Developing climate-proof wheat varieties that exhibit enhanced plasticity for soil constraints has always been a complex task due to the polygenic nature of abiotic stress reactions and the genotype-dependent responses.  

Screening elite germplasm, implementing large-scale and high-throughput phenotyping, generating high-quality genotype data, and utilizing state-of-the-art biotechnologies are crucial for accessing valuable genetic resources and accelerating wheat improvement programs. 

Additionally, chromatin profiling, proteomics, metabolomics, and crop management strategies have emerged as promising complementary research areas to understand traits, soil constraints, and gene expression. 

Rising population and climate change fuel urgency for climate-resilient wheat production 

The global population is expected to reach 8 billion in 2022, 8.5 billion in 2030, and a staggering 9.7 billion by 2050.

To meet the growing demand for food and ensure food security, global agricultural production must increase by at least 70 per cent.  

Wheat, one of the world's major cereal crops, plays a crucial role in feeding 40 per cent of the global population.  

However, the adverse effects of climate change, such as erratic rainfall patterns, are particularly impacting arid and semiarid cropping systems, making wheat cultivation in these regions extremely challenging. 

Soil constraints, including acidity (pH < 6), salinity (pH ≤ 8.5), sodicity, and dispersion (pH > 8.5), are major contributors to yield losses in wheat production.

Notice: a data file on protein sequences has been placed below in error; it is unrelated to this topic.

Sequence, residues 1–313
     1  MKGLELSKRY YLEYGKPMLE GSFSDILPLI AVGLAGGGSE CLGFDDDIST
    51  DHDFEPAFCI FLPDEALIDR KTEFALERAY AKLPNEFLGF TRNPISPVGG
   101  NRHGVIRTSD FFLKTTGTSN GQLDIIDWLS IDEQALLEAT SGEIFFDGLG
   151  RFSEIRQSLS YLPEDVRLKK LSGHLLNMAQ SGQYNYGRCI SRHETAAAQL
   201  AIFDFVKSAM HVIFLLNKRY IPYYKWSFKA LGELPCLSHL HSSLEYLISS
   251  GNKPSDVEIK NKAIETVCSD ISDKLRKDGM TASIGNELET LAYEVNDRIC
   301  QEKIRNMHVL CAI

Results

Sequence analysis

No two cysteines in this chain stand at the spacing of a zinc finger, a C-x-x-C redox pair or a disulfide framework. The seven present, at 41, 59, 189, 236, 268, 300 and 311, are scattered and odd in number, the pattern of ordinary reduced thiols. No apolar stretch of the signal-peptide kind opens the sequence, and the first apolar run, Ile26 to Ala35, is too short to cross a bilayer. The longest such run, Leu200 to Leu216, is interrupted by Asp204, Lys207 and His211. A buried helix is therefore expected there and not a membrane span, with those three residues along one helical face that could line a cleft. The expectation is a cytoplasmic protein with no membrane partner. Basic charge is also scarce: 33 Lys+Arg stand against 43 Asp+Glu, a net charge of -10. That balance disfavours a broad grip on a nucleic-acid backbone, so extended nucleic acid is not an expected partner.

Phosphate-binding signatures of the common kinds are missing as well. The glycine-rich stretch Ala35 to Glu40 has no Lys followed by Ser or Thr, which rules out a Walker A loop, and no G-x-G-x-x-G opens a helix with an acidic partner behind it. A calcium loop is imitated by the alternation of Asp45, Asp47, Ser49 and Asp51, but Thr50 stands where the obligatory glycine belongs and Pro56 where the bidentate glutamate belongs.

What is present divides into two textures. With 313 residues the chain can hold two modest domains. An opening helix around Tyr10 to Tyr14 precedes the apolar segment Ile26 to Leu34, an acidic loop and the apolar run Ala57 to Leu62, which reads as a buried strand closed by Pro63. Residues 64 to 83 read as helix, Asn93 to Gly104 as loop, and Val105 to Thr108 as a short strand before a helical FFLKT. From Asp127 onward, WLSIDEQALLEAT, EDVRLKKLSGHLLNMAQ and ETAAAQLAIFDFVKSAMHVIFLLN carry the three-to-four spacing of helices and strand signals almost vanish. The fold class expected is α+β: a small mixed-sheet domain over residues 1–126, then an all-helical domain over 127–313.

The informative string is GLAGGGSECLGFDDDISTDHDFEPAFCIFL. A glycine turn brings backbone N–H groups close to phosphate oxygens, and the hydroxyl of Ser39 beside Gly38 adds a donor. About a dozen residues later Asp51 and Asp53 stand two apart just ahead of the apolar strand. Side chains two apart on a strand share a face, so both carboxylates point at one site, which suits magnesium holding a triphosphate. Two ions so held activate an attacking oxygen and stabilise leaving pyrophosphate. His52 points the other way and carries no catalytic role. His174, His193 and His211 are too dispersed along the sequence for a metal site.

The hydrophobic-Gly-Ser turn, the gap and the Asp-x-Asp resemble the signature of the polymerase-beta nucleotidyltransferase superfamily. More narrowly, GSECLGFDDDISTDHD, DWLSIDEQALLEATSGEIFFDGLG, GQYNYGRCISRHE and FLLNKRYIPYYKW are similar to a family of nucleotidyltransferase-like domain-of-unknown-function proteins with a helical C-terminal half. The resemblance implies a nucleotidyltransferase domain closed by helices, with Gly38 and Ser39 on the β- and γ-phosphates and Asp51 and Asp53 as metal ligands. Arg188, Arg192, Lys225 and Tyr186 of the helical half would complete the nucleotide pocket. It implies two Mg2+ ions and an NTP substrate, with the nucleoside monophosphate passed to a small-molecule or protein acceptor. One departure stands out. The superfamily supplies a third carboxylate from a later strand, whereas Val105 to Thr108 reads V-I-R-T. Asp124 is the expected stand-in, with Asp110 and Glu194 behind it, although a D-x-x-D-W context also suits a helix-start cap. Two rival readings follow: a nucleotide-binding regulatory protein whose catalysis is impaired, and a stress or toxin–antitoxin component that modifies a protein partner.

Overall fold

These constraints are further exacerbated by climate change, leading to an intensification of yield losses.  

To adapt to changing environments, plants employ adaptive strategies, such as phenotypic plasticity, which allows them to shift their traits and responses.  

However, understanding the molecular basis of stress tolerance, particularly for plasticity traits, has proven to be a significant challenge. 

Advancements in sequencing and high-throughput genomics technologies have provided valuable insights into the molecular mechanisms underlying stress tolerance in plants.  

Functional alleles, haplotypes, candidate genes, and gene expression profiles at various growth stages have been identified using these technologies.  

More information

Click here to read the journal review article published in The Plant Genome

Project collaborators: 

  • Grains Genetics Portfolio, Department of Primary Industries and Regional Development, South Perth, Western Australia, Australia 
  • The UWA Institute of Agriculture, The University of Western Australia, Perth, Western Australia, Australia 
  • Centre for Crop & Food Innovation, State Agricultural Biotechnology Centre, Murdoch University, Perth, Western Australia, Australia 
  • Western Crop Genetics Alliance (MU, DPIRD) 
  • University of Southern Queensland, Centre for Crop Health, Toowoomba, Queensland, Australia 


Dr Roopali Bhoite 
DPIRD Research Scientist